Rank: Private
Number: 27619
Unit: 11th Battalion SOUTH WALES BORDERERS
Date of Death: 11 April 1918
Cemetery: Ploegsteert Memorial, Comines-Warneton, Belgium

Almost nothing is known about Thomas, except that regimental records published after the War state that he had been born in Stockport and enlisted in the town. The 1901 Census only suggests one possible person, born in the area and of an age to have fought in the War. It cannot be said with certainty that it is him but the boy was then aged 2 and was the third child of Thomas and Martha Dillon.

It is also impossible to know the circumstances of his death. Whilst the War Graves Commission records his unit as being the 11th Battalion, this was disbanded in February 1918 with the troops being dispersed to other units. On 9 April, the Germans launched the second phase of their spring offensive in what would become known, to the British, as the Battle of the Lys. As with the attack the previous month, it was overwhelmingly successful on the first day and the advance continued for several days. The fighting extended from south of the Belgian town of Ypres and into northern France. There was fierce fighting on the 10th and this continued into the 11th. Sometime during the day, Thomas was killed. It is probable that his unit was again forced into retreat and he was probably buried by the advancing Germans. Whilst this will have been done with respect, there was little interest in making individual identifications and Thomas has no known grave.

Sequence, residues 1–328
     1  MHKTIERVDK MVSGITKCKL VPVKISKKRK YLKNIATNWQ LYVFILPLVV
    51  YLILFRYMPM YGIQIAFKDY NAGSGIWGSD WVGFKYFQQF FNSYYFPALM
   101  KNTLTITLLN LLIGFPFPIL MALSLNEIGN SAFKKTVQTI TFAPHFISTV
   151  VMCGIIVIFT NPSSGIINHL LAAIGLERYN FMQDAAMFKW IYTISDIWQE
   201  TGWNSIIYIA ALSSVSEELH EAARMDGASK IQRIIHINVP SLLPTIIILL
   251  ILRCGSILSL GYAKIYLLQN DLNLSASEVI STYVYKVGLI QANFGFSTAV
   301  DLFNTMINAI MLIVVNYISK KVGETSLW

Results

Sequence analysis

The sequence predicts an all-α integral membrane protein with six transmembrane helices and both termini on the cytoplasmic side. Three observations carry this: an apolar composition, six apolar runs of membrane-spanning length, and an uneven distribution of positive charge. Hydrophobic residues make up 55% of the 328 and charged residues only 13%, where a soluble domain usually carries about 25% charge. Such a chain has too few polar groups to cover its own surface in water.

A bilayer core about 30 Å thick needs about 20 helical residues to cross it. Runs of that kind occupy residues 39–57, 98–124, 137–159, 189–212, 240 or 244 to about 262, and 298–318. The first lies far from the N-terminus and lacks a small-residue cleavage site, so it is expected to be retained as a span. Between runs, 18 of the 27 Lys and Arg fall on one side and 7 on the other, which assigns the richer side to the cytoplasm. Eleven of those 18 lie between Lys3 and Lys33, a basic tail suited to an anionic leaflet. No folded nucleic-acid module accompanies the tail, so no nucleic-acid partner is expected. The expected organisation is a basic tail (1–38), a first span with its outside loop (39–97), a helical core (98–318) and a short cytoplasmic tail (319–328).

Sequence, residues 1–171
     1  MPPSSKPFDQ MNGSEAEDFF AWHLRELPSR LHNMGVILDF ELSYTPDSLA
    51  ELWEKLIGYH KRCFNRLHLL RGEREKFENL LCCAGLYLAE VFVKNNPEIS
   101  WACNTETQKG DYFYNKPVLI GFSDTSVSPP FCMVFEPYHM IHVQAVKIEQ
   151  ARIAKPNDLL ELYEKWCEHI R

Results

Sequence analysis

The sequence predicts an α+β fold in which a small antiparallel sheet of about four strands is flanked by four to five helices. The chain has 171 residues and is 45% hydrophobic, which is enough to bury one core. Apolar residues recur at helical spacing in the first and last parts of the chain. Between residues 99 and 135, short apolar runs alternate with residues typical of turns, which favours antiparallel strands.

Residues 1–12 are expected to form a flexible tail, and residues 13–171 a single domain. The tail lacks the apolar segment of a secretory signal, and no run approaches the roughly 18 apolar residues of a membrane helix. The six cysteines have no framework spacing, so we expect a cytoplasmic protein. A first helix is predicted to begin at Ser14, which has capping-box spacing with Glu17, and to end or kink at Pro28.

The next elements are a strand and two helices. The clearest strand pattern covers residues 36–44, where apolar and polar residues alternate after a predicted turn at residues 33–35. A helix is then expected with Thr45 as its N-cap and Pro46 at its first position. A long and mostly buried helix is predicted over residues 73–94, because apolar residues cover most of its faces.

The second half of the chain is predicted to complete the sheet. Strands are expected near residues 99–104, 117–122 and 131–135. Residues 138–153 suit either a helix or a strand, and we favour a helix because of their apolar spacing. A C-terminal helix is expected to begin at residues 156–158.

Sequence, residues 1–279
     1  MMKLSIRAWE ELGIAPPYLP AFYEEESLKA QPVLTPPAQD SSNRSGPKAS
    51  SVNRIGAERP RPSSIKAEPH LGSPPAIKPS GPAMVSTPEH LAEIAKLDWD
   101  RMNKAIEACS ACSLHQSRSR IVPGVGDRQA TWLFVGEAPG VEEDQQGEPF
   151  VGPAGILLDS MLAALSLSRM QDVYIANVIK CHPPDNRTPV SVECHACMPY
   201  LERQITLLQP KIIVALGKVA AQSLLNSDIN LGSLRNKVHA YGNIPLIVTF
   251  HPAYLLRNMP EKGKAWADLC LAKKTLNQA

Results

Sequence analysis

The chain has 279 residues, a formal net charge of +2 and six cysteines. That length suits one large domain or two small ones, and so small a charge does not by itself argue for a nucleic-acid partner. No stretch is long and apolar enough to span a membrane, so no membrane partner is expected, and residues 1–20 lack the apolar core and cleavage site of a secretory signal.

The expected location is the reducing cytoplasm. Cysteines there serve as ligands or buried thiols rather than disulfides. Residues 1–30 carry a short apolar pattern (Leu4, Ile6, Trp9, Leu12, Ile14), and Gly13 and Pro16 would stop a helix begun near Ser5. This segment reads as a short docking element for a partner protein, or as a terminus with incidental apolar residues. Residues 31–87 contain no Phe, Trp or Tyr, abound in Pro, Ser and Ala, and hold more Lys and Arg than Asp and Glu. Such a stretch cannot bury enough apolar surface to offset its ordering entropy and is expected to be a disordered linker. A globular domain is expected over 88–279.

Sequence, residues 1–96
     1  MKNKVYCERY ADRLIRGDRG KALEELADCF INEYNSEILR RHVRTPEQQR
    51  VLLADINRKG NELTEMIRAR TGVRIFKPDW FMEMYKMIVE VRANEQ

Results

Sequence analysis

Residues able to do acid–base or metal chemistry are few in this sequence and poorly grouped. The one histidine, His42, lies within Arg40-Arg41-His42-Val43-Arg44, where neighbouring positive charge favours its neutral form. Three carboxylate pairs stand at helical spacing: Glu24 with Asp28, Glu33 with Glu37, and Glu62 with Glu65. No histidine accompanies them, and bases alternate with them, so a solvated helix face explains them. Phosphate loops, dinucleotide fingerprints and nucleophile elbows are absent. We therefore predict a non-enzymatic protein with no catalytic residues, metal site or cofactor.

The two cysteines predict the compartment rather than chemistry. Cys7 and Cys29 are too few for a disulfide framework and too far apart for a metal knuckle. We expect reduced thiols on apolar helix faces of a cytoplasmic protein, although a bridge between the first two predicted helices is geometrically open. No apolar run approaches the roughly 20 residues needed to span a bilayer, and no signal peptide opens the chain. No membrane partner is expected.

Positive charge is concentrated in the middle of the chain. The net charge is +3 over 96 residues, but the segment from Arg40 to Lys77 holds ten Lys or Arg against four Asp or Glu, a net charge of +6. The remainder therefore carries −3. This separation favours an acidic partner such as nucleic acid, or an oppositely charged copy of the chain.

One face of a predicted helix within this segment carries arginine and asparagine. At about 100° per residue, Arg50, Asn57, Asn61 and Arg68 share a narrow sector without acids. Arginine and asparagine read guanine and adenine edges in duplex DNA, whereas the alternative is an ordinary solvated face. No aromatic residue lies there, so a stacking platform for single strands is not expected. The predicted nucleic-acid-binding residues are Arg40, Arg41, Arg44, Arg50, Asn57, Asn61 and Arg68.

© 2006. Design and Layout are the property of Ihelm Enterprises Limited and cannot be reproduced without express permission.
Enter Search Phrase Here:(search may take up to 30 seconds) 
Close Search Window